This post was written by Carlee Schmidt Reber, Humanities Center Student Fellow
We’ve all had one of those hodge-podge dreams where the book, TV series, and movie you recently watched mix themselves into a tangled narrative in which you are centrally involved. It’s always about ten minutes after I wake up, getting ready in the bathroom, that my mind finally starts sifting through what was real and what was dream.
One of my recent combo-dreams mixed ABC’s first season of Once Upon a Time, BYUtv’s Extinct, Orson Scott Card’s Shadow of the Hegemon, and Doris Kearns Goodwin’s Team of Rivals. Throw in the stress of midterms and some work deadlines, and my mind gave me a potently heart-pounding misadventure. I’m far past the point of remembering details (though I’m pretty sure Regina/Evil Queen was the powerful villain and we were traveling through space), but I do remember the emotional rollercoaster of the dream.
After a few more dreams of similar magnitude, I seriously questioned whether engaging with such emotionally-intense stories was healthy for me.
My reflections called to mind a criticism of the popular Humans of New York by Brandon Stanton. A few years ago, and recently again with the release of the TV series, Stanton’s work has been criticized as “emotional pornography.” Viewers immediately engage with individuals who share poignantly emotional parts of their lives, but the mediated snapshot medium means that these raw human experiences are taken in one after the other without actual human connection.
Is there all that much difference between a viewer’s engagement with the emotionally poignant Humans of New York and our engagement with an adventurous novel, or a tragic play, or an inspiring movie? I cried when I got to the end of Wilson Rawl’s Where the Red Fern Grows, and read it again anyways. We all have our favorite inspirational movie where a good two-thirds of the film is the heart-breaking struggle of the protagonist, where he or she fails, struggles, and almost gives up. The “emotional pornography” criticism of Humans of New York is more aptly directed as a question about human nature: why do we love narratives that make us feel deeply intense emotions?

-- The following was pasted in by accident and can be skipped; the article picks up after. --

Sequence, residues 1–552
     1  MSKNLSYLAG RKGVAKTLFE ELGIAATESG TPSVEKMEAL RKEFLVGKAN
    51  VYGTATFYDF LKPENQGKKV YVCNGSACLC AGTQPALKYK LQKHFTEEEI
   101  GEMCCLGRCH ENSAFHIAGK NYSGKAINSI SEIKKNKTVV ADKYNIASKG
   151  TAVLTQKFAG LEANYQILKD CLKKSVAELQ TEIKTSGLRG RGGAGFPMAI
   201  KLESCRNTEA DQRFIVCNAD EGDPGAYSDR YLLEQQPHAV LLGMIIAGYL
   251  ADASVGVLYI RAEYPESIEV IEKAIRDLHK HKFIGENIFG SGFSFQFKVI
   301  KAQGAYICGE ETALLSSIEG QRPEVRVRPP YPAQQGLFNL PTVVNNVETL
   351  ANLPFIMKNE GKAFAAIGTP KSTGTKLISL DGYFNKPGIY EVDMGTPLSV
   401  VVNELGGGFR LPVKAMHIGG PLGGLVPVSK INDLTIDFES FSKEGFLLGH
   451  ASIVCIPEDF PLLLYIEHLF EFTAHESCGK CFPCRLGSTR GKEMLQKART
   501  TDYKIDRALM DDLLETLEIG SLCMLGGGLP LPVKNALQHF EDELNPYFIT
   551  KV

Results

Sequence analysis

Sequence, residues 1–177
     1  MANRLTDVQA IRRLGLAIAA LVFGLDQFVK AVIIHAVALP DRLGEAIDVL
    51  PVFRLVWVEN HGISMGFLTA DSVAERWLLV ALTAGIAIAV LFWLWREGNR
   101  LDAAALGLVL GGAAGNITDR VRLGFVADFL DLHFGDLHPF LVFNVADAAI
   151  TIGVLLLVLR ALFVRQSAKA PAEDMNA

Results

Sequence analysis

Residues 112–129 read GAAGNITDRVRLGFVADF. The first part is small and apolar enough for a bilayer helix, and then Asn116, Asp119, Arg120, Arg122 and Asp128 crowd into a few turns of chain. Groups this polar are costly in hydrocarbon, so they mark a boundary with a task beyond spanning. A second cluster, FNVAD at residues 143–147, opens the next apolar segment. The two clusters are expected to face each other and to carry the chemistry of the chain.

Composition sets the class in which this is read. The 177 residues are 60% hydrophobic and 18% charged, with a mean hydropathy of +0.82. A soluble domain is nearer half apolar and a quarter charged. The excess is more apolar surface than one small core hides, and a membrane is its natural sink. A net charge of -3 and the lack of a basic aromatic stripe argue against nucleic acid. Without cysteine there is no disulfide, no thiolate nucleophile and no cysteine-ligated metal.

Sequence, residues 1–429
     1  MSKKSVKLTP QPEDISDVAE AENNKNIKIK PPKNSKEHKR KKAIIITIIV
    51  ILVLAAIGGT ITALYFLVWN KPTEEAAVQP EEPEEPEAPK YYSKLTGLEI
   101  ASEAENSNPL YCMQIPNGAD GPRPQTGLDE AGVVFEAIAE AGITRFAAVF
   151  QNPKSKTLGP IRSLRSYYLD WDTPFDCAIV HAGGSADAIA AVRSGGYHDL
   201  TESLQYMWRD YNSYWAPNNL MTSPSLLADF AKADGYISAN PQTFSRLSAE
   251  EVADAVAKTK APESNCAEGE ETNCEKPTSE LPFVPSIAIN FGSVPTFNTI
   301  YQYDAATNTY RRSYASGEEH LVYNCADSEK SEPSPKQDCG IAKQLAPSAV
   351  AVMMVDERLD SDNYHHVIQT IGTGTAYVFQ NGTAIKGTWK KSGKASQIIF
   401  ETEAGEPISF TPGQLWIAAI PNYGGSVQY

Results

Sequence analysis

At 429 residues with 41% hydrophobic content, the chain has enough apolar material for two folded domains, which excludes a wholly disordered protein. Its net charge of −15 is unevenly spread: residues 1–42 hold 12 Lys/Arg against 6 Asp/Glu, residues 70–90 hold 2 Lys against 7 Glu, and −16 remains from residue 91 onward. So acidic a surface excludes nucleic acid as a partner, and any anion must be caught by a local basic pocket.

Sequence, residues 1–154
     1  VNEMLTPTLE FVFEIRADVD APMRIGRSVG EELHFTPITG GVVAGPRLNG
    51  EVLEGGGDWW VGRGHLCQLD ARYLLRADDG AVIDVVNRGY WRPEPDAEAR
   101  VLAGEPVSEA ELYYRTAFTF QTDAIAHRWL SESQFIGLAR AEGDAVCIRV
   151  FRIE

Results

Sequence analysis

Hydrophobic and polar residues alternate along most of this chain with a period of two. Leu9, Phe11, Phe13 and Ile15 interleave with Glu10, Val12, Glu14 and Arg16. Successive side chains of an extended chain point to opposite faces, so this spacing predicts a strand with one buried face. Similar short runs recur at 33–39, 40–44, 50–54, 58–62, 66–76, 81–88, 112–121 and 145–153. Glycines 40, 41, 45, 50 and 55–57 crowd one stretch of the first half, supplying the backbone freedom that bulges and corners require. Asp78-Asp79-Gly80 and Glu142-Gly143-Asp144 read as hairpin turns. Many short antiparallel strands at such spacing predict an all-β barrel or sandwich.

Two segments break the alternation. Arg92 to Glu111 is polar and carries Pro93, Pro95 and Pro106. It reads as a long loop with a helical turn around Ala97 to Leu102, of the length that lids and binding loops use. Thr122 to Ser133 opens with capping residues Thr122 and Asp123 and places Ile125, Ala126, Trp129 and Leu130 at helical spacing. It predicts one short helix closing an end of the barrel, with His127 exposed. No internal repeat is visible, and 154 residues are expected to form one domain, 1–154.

We could go about our day-to-day lives with so much less drama: no explosions, no separation from family members, no high-risk quests. Wouldn’t that be more peaceful? More easygoing? I know I’d sleep better. And yet we proactively choose to engage with these stories that tug on our emotions in every direction. Why?
I don’t have an answer, but I do have some musings.
Maybe it’s a premeditation thing. Perhaps if we see someone else experience tragedy or heartbreak, we can prepare for how we would react if something should happen to us. Perhaps if we see someone struggle to overcome weaknesses or prejudice, we can draw on their strength when we face challenges. Perhaps if we watch enough screwball comedies, we either won’t make the same silly mistakes or when we do, at least we can keep a lighthearted perspective and chuckle.
Maybe they give us personal insight. The emotional resonance we have with a story can teach us things about ourselves. Take as a case study my love for the film How to Train Your Dragon. It is satisfying for me to see brains win over brawn because that’s what my hopes for success in life are counting on. It was this film that helped me realize that experiencing the feeling of discovery is something I need on a regular basis, as part of my lifestyle. I value the creativity and compassion of the protagonist, Hiccup, because those are high priorities in my own life. Though not an outcast like him, I did struggle with feeling lonely in high school, and the associated independence of thought has continued. And then there’s my long-standing, deeply-rooted desire to befriend and ride a dragon—but that’s a topic for another day.
Maybe they give us cultural insight. Our anxieties as a society have always been expressed through the stories we share. That would explain the emotional poignancy of the tales. Stories also pass on our values, the virtues we want to continue in future generations. Making the stories emotionally powerful makes them memorable, and thus it sticks with people.
Maybe it all comes back to the basic human desire for connection. We experience emotions, and we want the validation that comes from knowing other people feel them too. We want to feel with another being. We crave the connection that emotions can bring to us. Stories make this connection accessible.
Do you think I’ve hit it on the head with one of these? Have I missed some possibility? I don’t feel certain I’ve brought to light a clear answer, but I do know this: the narratives are valuable. Stories rich in emotion are treasures from and for humanity.